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On Port Washington golf course, GPS helps players size up holes

Carts at Harbor Links’ 18-hole course come equipped with technology that tells golfers how many yards they are from the green and lets players ping the shop if a group is playing too slowly.

The GPS-equipped carts at Harbor Links are available

The GPS-equipped carts at Harbor Links are available at the full 18-hole course but not at the nine-hole course. Photo Credit: Howard Schnapp

Golfers teeing up at Port Washington’s Harbor Links Golf Course come for the manicured greens and challenging 18-hole course, but there’s one amenity that is also heavily praised: the in-cart GPS systems that allow them to check their distances from the green and even order snacks.

Visitors can continue to enjoy the carts this coming season, when Town of North Hempstead’s public course reopens around April 1. The town board voted Jan. 30 to approve a new four-year lease for the GPS systems, which they first began using eight years ago.

“Technology like the GPS systems on our golf carts is just one of the offerings that keep Harbor Links fresh and competitive with other courses in the area,” said Town Supervisor Judi Bosworth. “It’s a country club amenity for a public golf course price of admission.”

The course’s general manager, James Viras, said that before the new lease, club officials polled a few clients about whether to lease again, and the response was a “definite” yes.

“People love it,” Viras said. “This is something that the customer base that comes here expects.”

The GPS-equipped carts are available at the full 18-hole course; Harbor Links also has a nine-hole course. Viras said the technology helps golfers refine their game, displaying a map of each hole and informing them how many yards they are from the green. Golfers can also ping the golf shop should a group ahead be playing too slowly.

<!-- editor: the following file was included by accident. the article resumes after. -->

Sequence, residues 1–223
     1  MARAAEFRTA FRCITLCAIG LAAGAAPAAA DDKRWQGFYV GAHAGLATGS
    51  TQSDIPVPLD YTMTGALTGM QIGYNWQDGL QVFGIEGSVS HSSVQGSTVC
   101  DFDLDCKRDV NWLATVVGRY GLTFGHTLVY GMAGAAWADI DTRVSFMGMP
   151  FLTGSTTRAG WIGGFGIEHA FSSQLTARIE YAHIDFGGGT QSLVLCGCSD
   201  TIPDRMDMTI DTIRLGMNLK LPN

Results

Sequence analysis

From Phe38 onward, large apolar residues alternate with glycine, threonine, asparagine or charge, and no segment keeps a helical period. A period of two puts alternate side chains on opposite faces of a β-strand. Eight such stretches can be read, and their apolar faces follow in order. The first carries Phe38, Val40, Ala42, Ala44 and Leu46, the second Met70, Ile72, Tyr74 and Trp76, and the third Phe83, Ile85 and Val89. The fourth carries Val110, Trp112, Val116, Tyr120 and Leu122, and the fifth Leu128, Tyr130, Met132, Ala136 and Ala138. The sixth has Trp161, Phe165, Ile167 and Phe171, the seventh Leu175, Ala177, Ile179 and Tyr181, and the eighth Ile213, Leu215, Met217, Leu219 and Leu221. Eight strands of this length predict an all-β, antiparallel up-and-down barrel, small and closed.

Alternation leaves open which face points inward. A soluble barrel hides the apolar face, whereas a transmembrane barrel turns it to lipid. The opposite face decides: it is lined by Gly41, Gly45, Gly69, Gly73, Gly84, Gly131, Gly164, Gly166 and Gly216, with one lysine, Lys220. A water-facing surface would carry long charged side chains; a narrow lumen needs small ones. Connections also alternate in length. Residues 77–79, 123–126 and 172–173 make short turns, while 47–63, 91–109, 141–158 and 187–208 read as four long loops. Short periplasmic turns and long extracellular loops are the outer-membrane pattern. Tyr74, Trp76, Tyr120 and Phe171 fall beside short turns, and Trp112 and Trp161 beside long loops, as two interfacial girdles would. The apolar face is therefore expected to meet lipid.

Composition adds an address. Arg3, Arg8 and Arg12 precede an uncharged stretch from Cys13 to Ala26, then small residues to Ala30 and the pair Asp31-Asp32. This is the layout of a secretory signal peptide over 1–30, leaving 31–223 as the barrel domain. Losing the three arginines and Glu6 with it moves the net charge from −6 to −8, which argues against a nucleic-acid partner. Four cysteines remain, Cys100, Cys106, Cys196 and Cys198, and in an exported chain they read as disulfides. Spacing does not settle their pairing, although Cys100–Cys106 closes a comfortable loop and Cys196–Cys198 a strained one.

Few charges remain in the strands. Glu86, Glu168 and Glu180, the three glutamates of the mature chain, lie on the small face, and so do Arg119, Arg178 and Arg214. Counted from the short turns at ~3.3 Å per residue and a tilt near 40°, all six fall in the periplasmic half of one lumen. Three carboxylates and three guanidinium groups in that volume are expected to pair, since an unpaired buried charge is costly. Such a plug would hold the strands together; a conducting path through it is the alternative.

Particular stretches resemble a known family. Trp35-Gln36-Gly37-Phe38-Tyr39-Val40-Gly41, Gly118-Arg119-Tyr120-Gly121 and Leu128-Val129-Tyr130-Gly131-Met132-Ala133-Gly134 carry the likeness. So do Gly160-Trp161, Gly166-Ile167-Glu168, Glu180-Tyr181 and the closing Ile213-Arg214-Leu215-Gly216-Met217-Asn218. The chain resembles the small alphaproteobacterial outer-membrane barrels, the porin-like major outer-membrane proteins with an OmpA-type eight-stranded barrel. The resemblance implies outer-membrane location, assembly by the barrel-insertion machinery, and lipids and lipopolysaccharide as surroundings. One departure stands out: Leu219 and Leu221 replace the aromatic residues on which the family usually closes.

When hunger hits, golfers don’t even need to flag down the snack cart. Around the eighth hole, they can digitally place orders for beer and a medley of sandwiches from the fairway, and have it awaiting them at the next hole.

The GPS feature also allows Harbor Links to monitor the locations of the golfers and prevent any bad behavior. Those who veer off course or attempt to take a joy ride on the greens on a cart path-only day will literally have their carts power down.

“We are able to set boundaries,” Viras said. “Monitoring the place of play is really the biggest function that we use in the back-end.”

The four-year lease for the GPS technology, which spans the months of April to November, costs $43,046 annually. The town also separately leases 90 golf carts that are compatible with the GPS, at a yearly cost of $56,930.

Each year, about 60,000 rounds of golf are played at Harbor Links. The course, which is owned and operated by the town, was built in 1998 on a former sand mine. It was designed by golf course architect Michael Hurdzan, who has also developed courses in China and Canada.

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